For years, Greater Portland has left money on the table, losing convention business to other cities around the nation because it lacks the right combination of hotel rooms and meeting space that planners look for.

There have been many proposals to fill that void, but none has come off the drawing board because of the lack of public support needed to get the projects completed.

The latest plan, however, is the most promising. The Forefront at Thompson’s Point, proposed by Jon Jennings and William J. Ryan of the Maine Red Claws basketball franchise, would not require the public debt that killed a proposed Bayside facility in 2000 or a public-option sales tax, which made a Congress Street proposal a political nonstarter in 2006.

The $100 million Forefront development would be built with all private financing with the exception of a not-yet-negotiated tax break from the city, needed to pay for infrastructure improvements that make the project viable.

Tax increment financing is a public commitment, but it can be justified in worthwhile projects that have broad public benefits and that could not be done otherwise. This is one of those projects. The developers propose building offices, a hotel, a performance space and an event center that would serve as both the home of the Red Claws and a concert venue sized to attract acts that do not come to Portland due to a lack of a suitable facility.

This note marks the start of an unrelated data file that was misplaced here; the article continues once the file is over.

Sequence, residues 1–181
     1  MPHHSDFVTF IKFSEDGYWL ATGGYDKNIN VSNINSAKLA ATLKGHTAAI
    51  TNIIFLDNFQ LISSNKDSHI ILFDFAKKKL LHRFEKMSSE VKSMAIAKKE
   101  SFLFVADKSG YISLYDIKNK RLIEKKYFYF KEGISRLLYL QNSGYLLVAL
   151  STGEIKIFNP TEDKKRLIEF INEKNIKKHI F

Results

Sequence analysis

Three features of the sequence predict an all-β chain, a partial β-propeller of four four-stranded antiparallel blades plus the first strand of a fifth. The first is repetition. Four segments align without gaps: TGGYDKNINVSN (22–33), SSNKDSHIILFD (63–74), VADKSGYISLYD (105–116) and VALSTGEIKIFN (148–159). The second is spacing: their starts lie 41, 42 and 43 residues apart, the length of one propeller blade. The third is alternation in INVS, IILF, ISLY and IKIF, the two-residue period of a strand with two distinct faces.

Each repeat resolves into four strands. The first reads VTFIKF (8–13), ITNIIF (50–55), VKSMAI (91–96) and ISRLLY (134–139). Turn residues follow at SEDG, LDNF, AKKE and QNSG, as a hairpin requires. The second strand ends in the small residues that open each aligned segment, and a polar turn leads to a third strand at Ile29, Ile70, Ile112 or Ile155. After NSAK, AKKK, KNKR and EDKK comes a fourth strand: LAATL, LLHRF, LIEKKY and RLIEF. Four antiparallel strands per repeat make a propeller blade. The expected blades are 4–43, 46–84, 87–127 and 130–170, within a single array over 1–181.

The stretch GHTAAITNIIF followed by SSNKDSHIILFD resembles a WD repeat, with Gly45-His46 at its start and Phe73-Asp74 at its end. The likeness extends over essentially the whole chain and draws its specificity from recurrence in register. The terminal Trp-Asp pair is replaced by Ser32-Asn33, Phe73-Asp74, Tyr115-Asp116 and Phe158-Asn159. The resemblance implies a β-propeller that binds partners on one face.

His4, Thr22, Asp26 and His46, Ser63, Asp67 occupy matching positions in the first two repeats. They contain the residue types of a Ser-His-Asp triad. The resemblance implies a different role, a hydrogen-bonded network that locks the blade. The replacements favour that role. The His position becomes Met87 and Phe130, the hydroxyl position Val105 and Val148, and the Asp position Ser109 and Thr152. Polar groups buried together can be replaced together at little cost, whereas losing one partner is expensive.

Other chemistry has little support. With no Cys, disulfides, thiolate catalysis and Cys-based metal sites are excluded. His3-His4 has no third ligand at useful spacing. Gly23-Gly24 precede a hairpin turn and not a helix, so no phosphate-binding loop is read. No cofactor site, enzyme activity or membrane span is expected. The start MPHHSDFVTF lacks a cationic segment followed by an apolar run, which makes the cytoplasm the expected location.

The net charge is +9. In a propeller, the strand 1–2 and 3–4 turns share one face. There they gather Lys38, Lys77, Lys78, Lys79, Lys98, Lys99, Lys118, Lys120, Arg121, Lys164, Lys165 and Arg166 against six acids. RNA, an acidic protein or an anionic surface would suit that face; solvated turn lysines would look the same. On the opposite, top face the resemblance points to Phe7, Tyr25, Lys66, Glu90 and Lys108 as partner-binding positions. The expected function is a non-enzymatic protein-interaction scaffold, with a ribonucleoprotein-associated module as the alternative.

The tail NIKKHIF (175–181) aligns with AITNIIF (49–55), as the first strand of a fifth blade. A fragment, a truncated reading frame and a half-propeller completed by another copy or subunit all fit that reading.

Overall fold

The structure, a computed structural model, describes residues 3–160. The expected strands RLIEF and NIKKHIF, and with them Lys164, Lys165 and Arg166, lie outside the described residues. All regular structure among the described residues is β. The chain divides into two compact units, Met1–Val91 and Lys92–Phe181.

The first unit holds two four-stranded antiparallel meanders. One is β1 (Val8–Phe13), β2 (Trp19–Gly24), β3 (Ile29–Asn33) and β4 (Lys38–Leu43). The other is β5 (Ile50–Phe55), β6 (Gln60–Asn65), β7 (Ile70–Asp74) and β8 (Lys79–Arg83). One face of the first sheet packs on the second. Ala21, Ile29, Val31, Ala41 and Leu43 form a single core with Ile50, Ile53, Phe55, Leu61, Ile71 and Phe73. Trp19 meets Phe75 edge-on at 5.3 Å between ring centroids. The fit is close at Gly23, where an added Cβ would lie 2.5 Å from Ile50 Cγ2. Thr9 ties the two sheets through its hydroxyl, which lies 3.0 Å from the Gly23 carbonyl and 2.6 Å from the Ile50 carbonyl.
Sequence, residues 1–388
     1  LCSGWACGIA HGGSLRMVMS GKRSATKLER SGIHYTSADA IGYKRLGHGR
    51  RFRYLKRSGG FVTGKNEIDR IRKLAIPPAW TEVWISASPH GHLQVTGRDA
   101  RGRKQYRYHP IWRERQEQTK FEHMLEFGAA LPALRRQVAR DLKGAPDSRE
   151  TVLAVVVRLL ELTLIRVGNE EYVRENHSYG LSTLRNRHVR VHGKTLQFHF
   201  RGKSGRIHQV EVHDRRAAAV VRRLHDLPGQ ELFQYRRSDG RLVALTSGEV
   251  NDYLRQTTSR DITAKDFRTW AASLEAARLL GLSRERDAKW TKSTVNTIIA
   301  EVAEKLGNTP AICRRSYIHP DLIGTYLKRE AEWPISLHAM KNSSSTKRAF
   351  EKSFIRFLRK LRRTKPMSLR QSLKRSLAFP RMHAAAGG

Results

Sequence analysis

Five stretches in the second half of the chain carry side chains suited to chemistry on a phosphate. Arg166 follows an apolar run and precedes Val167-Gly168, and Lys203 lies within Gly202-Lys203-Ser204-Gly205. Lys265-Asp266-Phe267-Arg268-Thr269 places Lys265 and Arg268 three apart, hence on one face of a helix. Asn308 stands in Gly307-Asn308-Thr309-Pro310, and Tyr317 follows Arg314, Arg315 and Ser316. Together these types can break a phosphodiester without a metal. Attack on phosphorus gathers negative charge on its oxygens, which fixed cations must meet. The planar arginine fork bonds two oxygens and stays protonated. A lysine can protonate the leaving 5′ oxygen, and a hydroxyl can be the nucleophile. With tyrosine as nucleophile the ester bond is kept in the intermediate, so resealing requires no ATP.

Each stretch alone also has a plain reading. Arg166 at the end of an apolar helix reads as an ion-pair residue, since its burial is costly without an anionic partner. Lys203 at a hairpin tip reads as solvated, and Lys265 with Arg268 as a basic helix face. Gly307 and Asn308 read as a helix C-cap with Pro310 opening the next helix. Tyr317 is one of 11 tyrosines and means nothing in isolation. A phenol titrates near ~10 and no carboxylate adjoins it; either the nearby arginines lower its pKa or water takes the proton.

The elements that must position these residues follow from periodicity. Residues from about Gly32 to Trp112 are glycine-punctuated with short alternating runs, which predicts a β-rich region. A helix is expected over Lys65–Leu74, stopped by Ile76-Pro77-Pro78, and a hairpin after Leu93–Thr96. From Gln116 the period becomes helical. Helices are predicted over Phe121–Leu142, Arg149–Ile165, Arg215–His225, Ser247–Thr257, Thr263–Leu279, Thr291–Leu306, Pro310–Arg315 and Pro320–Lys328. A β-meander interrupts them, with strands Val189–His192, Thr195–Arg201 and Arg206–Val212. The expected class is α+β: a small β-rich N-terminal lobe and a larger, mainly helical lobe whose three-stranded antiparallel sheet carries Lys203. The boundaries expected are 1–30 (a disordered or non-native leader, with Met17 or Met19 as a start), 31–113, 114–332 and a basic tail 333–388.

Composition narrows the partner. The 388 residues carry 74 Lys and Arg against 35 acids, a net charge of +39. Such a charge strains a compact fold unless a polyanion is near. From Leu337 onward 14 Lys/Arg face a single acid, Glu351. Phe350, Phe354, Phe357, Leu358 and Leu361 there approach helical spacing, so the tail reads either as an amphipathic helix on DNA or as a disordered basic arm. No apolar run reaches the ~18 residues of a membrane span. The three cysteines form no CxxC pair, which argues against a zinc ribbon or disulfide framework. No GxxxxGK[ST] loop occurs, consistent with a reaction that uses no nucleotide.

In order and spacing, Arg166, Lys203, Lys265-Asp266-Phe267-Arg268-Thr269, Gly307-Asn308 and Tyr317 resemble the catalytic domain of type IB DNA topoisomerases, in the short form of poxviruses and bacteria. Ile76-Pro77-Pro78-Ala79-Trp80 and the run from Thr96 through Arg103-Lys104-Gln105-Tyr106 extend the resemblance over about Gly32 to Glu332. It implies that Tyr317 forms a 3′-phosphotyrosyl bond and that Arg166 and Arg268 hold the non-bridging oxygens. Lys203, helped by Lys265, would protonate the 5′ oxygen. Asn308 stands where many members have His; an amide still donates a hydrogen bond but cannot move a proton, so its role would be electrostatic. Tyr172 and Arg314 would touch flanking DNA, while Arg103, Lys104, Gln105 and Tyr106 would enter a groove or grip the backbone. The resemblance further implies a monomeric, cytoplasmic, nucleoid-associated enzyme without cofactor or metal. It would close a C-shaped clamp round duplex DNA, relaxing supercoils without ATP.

The location is a clear selling point. In addition to its easy access to Interstate 295, with an already constructed highway interchange for both north and southbound traffic, it is also adjacent to a transportation center serviced by Concord Trailways bus service and Amtrak train service to Boston. It is within sight of the now-under-expansion Portland International Jetport, making it an easy trip for business travelers who could come for conventions or trade shows and patronize city businesses.

The plan also provides something Portland needs — jobs. A study by the developer estimates 1,230 construction jobs and 455 permanent ones.

An alternative convention center proposal for the Portland waterfront and plans to renovate the Cumberland County Civic Center show that there is a need for more performance and meeting space. The Thompson’s Point proposal looks like the right combination to give the region what it needs.